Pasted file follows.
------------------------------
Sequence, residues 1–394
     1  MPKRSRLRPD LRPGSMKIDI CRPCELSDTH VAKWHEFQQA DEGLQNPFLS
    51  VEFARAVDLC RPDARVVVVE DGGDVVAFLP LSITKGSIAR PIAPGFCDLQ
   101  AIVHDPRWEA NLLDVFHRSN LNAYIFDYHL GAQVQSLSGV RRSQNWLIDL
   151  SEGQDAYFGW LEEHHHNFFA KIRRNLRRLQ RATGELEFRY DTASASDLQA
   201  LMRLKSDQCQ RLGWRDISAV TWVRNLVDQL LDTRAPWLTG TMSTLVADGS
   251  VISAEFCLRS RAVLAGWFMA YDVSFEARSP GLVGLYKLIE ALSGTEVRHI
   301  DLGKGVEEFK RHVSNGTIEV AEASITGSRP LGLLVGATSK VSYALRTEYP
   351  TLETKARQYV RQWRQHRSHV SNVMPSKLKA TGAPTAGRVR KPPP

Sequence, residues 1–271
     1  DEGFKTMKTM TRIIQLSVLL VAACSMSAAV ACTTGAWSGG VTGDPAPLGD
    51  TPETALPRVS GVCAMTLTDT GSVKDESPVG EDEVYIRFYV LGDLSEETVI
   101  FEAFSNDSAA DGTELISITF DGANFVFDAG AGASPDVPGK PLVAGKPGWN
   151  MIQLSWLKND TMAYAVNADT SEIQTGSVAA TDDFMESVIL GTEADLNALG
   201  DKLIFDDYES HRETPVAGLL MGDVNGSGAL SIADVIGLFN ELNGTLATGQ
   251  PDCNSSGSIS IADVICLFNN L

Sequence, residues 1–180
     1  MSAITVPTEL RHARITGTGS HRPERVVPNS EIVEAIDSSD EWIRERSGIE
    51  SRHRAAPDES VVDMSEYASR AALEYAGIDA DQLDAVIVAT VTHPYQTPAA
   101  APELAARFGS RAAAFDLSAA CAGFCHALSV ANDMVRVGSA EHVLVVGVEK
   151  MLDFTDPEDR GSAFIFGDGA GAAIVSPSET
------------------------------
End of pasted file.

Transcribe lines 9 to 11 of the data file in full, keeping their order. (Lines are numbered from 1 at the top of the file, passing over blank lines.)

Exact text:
   351  TLETKARQYV RQWRQHRSHV SNVMPSKLKA TGAPTAGRVR KPPP

Sequence, residues 1–271
     1  DEGFKTMKTM TRIIQLSVLL VAACSMSAAV ACTTGAWSGG VTGDPAPLGD